Learning How to Survive (at) CEP

HISD and a paid trustee get entangled in the spreading empire of a private firm touting safe alternative schools for troubled kids. So why are some students and parents so scared?

On May 14 a requested interview with new acting principal Ken Thomas and a tour of the CEP Beechnut facility turn into a meeting with a small group of people including Anderson and Gayle Fallon. But Thomas, who was brought in abruptly from Nashville to replace principal Phillipa Young, is nowhere in sight. Anderson explains Thomas's absence by saying, "He's being principal. It's my assignment to visit with you."

Anderson says Young was moved out suddenly because CEP needed a community liaison. "She's very excited," he says. "There was a fresh enthusiasm in her voice. It was wonderful to see her out there." Asked why this was done right before the end of the school year, Anderson concedes, "This was prompted, to a fair degree, because of the criticism that the schools have been receiving." Thomas, normally assigned to operations and special projects in Nashville, will be replaced next fall by Ed LaSage, an assistant principal at Lanier Middle School who Anderson says is firm but kind.

Staff turnover remains a major problem at Houston's CEP. There have been several principals in the few years the program has been in operation here. Teachers come and go at an even higher rate.

Joseph has to take pills to get the courage to attend CEP's school.
Deron Neblett
Joseph has to take pills to get the courage to attend CEP's school.

All the teachers have degrees, but few are certified. Anderson says that certification is "a wonderful thing," but if someone has the heart to work with these kids then they don't necessarily need to be certified. At the same time he readily agrees that the school lacks teachers who are able to answer higher-level questions in some subjects. "Math, that's an area we haven't figured out yet."

In response to subsequent Press questions, Richardson says CEP will be adding a staff recruiter to hire upper-level math and science teachers. Current staff will receive additional training in math and science, Anderson says. Better computer programs are being considered. And CEP is considering requiring all new hires to either enter an alternative certification plan or obtain temporary certification -- if this doesn't violate provisions of the union contact, Richardson says.

Anderson says teacher turnover is too high. Fallon says the pay "is not there" and that it's going to have to come up. The average salary of $29,000 is lower than what HISD teachers are paid, but she says there are better benefits.

Anderson also volunteered that original staff selection wasn't rigorous enough and CEP's new teacher training was inadequate.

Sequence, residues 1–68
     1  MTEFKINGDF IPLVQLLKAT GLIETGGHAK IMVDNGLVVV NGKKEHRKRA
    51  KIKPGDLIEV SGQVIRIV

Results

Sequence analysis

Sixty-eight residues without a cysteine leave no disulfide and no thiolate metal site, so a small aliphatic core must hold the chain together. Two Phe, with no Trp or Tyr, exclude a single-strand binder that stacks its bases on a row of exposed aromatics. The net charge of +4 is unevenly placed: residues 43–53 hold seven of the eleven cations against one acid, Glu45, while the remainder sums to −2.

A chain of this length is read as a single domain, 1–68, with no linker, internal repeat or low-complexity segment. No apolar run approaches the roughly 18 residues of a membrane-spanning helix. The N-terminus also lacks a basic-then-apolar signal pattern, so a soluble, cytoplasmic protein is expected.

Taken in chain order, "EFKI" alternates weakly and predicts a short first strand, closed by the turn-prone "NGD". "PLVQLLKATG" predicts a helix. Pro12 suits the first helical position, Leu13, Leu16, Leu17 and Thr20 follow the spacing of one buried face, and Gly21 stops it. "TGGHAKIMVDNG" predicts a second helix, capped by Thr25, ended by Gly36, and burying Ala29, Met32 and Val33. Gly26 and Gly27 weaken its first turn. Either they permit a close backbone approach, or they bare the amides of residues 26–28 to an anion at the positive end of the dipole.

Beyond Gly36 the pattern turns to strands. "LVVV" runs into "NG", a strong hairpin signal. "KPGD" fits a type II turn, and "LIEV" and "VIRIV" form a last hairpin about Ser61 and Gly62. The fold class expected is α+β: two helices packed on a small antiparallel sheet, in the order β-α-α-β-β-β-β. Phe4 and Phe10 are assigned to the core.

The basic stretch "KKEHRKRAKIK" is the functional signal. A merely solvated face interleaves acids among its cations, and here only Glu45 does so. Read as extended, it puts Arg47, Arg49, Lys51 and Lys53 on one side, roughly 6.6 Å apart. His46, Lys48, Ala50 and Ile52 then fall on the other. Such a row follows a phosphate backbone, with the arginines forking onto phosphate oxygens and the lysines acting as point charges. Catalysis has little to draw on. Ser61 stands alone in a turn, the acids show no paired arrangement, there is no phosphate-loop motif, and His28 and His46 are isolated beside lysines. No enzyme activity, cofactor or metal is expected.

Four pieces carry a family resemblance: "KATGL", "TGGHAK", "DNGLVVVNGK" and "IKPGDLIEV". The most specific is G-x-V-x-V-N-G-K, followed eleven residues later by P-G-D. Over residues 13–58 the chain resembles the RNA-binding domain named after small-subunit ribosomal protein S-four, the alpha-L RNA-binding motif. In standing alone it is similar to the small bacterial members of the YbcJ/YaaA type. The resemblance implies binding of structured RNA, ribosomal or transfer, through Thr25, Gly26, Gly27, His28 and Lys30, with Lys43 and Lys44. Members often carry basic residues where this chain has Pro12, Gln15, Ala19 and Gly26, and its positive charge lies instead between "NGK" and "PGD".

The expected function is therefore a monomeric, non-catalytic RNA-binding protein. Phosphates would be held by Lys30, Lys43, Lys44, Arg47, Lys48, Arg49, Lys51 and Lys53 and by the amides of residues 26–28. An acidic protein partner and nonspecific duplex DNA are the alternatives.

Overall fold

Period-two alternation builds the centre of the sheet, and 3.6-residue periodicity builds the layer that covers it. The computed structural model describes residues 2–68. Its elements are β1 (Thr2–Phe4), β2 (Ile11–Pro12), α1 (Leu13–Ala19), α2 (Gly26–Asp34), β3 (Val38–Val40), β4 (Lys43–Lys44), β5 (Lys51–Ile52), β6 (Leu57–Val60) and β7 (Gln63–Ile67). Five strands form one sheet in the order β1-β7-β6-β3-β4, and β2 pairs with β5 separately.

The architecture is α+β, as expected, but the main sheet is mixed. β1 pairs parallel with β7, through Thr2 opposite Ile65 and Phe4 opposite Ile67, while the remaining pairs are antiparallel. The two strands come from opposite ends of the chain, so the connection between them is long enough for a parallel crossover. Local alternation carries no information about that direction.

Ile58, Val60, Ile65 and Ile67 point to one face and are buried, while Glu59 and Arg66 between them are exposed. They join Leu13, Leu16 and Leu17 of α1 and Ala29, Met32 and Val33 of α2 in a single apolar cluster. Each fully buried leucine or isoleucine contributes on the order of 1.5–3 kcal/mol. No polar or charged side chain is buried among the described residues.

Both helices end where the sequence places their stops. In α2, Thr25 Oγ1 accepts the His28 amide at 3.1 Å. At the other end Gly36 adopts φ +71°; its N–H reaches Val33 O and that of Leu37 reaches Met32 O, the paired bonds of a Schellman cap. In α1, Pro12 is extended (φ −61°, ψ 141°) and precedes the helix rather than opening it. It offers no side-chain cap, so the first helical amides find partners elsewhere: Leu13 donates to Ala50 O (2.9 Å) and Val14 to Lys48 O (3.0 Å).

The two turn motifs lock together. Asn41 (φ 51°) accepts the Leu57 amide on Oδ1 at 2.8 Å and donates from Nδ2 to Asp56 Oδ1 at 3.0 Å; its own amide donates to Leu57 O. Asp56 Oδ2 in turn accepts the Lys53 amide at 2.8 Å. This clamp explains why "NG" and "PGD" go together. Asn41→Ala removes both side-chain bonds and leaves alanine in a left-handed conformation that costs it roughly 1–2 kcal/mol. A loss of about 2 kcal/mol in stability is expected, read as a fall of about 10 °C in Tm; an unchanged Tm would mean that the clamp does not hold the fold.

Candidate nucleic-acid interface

The relationship of teachers to students at CEP is shaky, by most student/parent accounts. CEP students often say teachers shove and yell at them. Fallon discounts this, saying this is just part of "a new game" widespread throughout HISD in which students know that by making false accusations about teachers they can get them removed. Anderson says that sometimes a teacher will insert himself between two fighting students and end up touching one. Fallon agrees. "Ultimately, you stop a fight physically. When I taught, I used to take the smallest one and throw 'em somewhere," she says. "If a teacher manhandles a kid it's an automatic termination. We haven't had one fired."

Richardson agrees. He says CPS and HPD have yet to confirm any such allegations of student abuse, which are taken seriously by CEP.

Richardson also discounts reports of fighting among students and says no allegations have been substantiated about teachers standing by during student fights.

CEP tries to eliminate fights among students by keeping the kids out of hallways and bathrooms and by eliminating cafeterias. Students eat lunch in their rooms. "We tried to build in predictability, continuity and stability," Anderson says. "It's kind of like an old-fashioned one-room school."

Out of every 100 kids in HISD, CEP takes two students, Anderson says, and of these, 10 percent are placed in special ed. Anderson says CEP is not a warehouse and that he cares about all the students there. "They're still children on the inside, and I'm not gonna let them get pushed out on the street."

Despite the regimentation, kids at CEP can still get in trouble and be sent to in-school suspension or expelled. Anderson says they follow up on truancy very strongly because CEP doesn't get paid if the kids aren't there. (Richardson says there is a financial penalty if CEP doesn't maintain 80 percent attendance.) As a result, attendance at CEP is "10 to 15 percent higher than at their home school," Anderson says.

But on another morning prior to this date -- as a Press writer parked her butt in a potted plant out in the CEP parking lot, in a very long and unsuccessful wait to get inside -- kids straggled in throughout the morning. Asked about this, Anderson sighs, saying: "Some do drift in, and we try to reach the parents. These kids have had bad experiences in school for whatever reason. I think we're making a good, energetic effort to get them here.

"Do some of them straggle in? Yes. Do we feel confident we're doing everything we can? No." Fallon points out that some of the kids coming in late were as a result of their parents being called to bring in their kids.

Much of CEP's literature promotes its self-paced policy of putting students in front of computers for most of the day. They are both taught and tested by these computers, which, company CEO Richardson has proudly said, cannot be accused of falsifying scores. But on this day in May, Anderson says he'd like to see CEP become less computer-driven, instead offering more direct interaction with teachers.

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